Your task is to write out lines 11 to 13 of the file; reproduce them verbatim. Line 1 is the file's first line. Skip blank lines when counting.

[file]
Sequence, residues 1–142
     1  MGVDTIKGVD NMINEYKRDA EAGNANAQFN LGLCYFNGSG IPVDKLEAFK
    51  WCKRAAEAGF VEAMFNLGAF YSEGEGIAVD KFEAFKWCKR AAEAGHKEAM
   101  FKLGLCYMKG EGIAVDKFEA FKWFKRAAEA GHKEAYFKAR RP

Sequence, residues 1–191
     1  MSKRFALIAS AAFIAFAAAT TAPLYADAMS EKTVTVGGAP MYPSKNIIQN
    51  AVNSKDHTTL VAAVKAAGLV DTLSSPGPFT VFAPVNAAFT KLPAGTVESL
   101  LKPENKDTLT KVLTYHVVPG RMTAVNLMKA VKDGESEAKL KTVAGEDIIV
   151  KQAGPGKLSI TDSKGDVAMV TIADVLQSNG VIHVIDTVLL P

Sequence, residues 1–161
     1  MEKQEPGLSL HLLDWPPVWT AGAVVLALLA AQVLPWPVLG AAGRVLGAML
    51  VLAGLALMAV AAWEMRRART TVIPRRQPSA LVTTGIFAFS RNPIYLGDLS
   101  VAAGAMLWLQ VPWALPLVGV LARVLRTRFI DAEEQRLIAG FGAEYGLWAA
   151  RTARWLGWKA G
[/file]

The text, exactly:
     1  MEKQEPGLSL HLLDWPPVWT AGAVVLALLA AQVLPWPVLG AAGRVLGAML
    51  VLAGLALMAV AAWEMRRART TVIPRRQPSA LVTTGIFAFS RNPIYLGDLS
   101  VAAGAMLWLQ VPWALPLVGV LARVLRTRFI DAEEQRLIAG FGAEYGLWAA